Nine and a half years ago, on the afternoon of February 11, 2014, Nichole Rogers* was in the waiting room at the diabetes clinic at a children's hospital with her two children, ages 9 and 11. One of her children is a Type I diabetic and requires medical visits every three months.
It was there that a 16-year-old with a documented history of violence physically attacked Nichole in front of her children. Nichole was punched repeatedly, hit in the head with a chair after the attacker threatened her children first. At some point during the attack, she lost consciousness. After witnessing their mother being beaten by the attacker, the kids ran to hide in a stairwell, thinking their mother might be dead—and that they were next.
Their mother survived, but she will live with a TBI and ongoing PTSD. Both children were traumatized by the incident, and Nichole’s husband had to shift from a partner to a caregiver role in the wake of the attack.
As court documents show, the 16-year-old assailant should never have been on the property in the first place. Clinic security had met with the attacker’s mother less than a year earlier, in May of 2013, after she and her two daughters had threatened ER staff and other visitors on separate occasions. (The attacker’s sister had Type II diabetes, and had to attend regular medical appointments.)
After the earlier incident, the attacker’s mother had agreed not to bring the attacker to her other daughter’s pre-scheduled clinic appointments. The attacker’s mother refused to sign a behavioral contract, but she verbally agreed that the assailant would not join them on site. Instead of enforcing the behavioral contract, or require more than a verbal agreement, security trusted the attacker’s mother with enforcing their agreed-upon terms.
*Name has been changed.
“The case was brought against a local children’s hospital and clinic for negligent security,” explains Randy. “My security expert opined that this family showed an increasing pattern of violent behavior that should have been identified by security if they had done their jobs properly.” Security was not present when Nichole was attacked, and there were no security cameras to capture the incident; Randy argued that this was a systems failure that put his client at grave risk.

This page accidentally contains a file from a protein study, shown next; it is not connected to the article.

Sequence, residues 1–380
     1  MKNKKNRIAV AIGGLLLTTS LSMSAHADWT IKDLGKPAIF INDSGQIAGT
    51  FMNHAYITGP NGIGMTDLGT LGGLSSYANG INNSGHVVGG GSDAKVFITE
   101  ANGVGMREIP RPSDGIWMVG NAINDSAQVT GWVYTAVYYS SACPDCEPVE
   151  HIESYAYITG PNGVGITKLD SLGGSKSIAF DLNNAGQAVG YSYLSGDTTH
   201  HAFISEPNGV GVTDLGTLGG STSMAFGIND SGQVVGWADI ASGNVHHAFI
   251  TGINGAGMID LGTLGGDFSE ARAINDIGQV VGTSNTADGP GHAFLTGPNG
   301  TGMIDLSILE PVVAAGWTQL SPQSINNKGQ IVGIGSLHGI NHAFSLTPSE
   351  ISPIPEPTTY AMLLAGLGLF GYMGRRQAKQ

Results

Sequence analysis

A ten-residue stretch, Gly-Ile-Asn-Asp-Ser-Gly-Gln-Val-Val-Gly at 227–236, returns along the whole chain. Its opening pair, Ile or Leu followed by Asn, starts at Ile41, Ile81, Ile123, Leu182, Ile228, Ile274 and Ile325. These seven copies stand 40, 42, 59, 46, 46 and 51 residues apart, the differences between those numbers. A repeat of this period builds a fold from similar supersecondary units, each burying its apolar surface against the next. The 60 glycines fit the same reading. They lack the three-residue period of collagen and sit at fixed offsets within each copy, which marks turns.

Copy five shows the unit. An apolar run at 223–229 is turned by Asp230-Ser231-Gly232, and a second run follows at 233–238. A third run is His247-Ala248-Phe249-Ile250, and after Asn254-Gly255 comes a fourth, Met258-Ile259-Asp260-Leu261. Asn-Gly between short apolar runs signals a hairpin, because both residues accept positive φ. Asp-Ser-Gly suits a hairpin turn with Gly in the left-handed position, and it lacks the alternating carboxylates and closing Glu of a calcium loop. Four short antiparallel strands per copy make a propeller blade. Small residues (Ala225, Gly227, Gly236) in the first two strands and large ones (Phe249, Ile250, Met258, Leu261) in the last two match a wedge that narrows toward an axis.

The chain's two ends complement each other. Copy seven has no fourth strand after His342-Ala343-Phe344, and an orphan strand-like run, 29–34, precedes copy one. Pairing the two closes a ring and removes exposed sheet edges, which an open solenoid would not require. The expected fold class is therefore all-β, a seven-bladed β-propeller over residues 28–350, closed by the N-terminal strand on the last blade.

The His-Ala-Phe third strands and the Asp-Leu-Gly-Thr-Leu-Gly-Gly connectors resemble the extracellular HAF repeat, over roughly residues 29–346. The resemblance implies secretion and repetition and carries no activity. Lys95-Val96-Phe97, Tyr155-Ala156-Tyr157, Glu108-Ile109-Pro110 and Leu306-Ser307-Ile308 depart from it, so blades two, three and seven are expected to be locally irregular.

While insurance coverage went up to $26 million, no offers were made, and the defendants refused to mediate. With that, the plaintiff team pushed forward, preparing to go to trial. They sought financial restitution for Nichole’s past and future medical expenses, past and future pain and suffering, and lost wages and earning capacity; her husband’s loss of consortium; and her children’s severe emotional distress and counseling costs.
Nichole's first treating doctors believed that Nichole had already fully recovered from the TBI: an opinion the defense was quick to agree with. At trial, the defense medical expert stated that Nichole was “embellishing” her symptoms, despite her having passed the two effort tests he administered.
Randy’s cross-examination focused on the absurdity of the actual questions on that test, noting that her responses were exactly what one would expect with someone having a TBI with ongoing headaches, migraines, and PTSD. Randy was quick to pivot on the idea that neuropsychology is a relatively new and famously unreliable science: a sentiment that matched that of the jury forewoman.